Case Report

Intestinal Mucormycosis Presenting as Perforation Peritonitis in a 35 Year Old Diabetic Male: Case Report

Shreyash R*

Department of General Surgery, UCMS and GTB Hospital, New Delhi, India

Received Date: 15/06/2020; Published Date: 15/07/2020

*Corresponding author:Shreyash Rai, Department Of General Surgery, Ucms And Gtb Hospital, Ward 24, Surgery Office 4th Floor,University College Of Medical Sciences, New Delhi-110095, India. E-mail:

DOI: 10.46998/IJCMCR.2020.02.000027


Invasive mucormycosis causes extensive angioinvasive disease with high mortality rates in patients with risk factors. Gastrointestinal mucormycosis is a rare form of the disease with increasing number of cases being reported from developing countries. Early stages of the disease largely remain unrecognised due to nonspecific symptoms and signs. We report a case of intestinal mucormycosis presenting as perforation peritonitis in a 35 year old diabetic male. He was managed surgically and with anti-fungal therapy. The patient expired postoperatively. Gastrointestinal mucormycosis still largely remains a post-mortem diagnosis because of nonspecific clinical signs and symptoms and the aggressive nature of the disease.

Keywords: Mucormycosis; Intestinal; Gastrointestinal; Case Report


Invasive mucormycosis is an uncommon disease particularly affecting immunocompromised individuals. Individuals with solid organ transplantation, heamatopoeitic stem cell malignancy, receiving corticosteroids or deferoxamine therapy and uncontrolled diabetics are especially at risk with notably high reported mortality rates [1]. Depending on the site involved, mucormycosis has been divided into rhinocerebral, pulmonary, gastrointestinal, cutaneous, isolated renal and disseminated forms [2]. Gastrointestinal involvement is rare with stomach, colon and small bowel being the usual sites of involvement [3].

Case Report

A 35 year old male presented to the emergency room of a tertiary care centre with abdominal pain since 1 month which had a sudden increase in intensity associated with multiple episodes of vomiting and abdominal distension since 5 days. Patient was not a known diabetic and was not on any immunosuppressant drugs. He was in shock and abdominal examination revealed peritonitis. Investigations revealed deranged blood sugar levels and the erect chest X-ray showed gas under the right diaphragm. No viral marker was positive. A previous CECT of the abdomen done 20 days ago was suggestive of ascites, ileal thickening and decreased enhancement of terminal ileum (Figure 1 and 2). Patient was taken up for exploratory laparotomy which revealed 2 litres of fecopurulent peritoneal contamination. A 3*3 cm perforation was identified in jejunum 10 cm distal to duodenojejunal junction with 30 cm of gangrenous ileum with multiple perforations. Resection of the jejunal perforation and anastomosis was done with retrograde duodenostomy and distal feeding jejunostomy considering the contamination. Gangrenous ileal segment was resected and a double barrel ileostomy was formed. Histopathology revealed mucormycosis (Figure 3) when liposomal amphotericin B was started for the patient. Patient could not recover and expired postoperatively.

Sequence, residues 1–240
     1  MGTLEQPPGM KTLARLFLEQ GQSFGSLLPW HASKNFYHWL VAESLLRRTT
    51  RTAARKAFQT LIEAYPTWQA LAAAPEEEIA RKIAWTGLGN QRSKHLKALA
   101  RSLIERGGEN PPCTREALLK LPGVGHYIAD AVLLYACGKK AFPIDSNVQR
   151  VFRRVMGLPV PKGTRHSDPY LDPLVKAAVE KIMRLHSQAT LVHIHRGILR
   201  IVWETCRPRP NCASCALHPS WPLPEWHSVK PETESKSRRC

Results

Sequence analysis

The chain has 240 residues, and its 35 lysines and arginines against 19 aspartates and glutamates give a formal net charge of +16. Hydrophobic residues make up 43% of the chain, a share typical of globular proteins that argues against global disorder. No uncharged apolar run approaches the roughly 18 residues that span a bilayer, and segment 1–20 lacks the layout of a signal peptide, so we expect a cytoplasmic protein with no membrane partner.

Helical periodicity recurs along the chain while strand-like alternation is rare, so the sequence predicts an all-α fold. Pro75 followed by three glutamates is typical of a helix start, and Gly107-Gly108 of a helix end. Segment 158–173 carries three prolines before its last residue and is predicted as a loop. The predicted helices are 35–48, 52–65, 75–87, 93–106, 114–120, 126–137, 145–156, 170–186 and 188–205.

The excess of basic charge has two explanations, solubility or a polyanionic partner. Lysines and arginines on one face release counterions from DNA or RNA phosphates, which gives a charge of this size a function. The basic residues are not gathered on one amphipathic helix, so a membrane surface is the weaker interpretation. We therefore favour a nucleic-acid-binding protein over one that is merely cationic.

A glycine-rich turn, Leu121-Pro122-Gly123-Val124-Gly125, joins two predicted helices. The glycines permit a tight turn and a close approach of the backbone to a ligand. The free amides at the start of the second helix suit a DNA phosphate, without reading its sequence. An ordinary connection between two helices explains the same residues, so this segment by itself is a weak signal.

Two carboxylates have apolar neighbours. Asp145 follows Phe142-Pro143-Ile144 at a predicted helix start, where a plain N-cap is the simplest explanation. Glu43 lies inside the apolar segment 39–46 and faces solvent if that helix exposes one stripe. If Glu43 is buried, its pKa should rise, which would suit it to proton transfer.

Figure 1: Thickened non enhancing ileum on CECT hyphae.

Figure 2: Ascites with peritoneal enhancement on CECT.

Figure 3: Biopsied specimen showing broad aseptate hyphae in necrotic background.


Primary gastrointestinal disease is the least frequent form of presentation for mucormycosis. Early diagnosis and treatment are important considering the aggressive nature of the disease. Colonoscopy and biopsy of the affected segment may help prove the diagnosis. In other cases, biopsy after laparotomy paves the way. Clinical diagnosis of the same is difficult due to nonspecific clinical features with most of the diagnosis being formed after histopathological analysis post-surgery or post-mortem [4]. Radiological features are nonspecific and CECT features may include thickened bowel wall with intense and poor contrast enhancement suggestive of congested and necrotic areas, respectively [5]. A delay of therapy of more than 6 days has been shown to double the mortality rate [6]. The management of GIT mucormycosis involves surgical debridement and antifungal directed therapy (liposomal amphotericin B) [7].  There is a high reported mortality (63.9%) probably due to delay in diagnosis and rapid progression of the disease after angioinvasion [8]. In conclusion, GIT mucormycosis is a rare life threatening disease with high incidence in immunocompromised patients.


I acknowledge the role of Department of pathology, University College of Medical Sciences for providing relevant histopathology photograph.


No funding was received for the publication of this manuscript.

Conflicts of Interest

No known conflict of interests.


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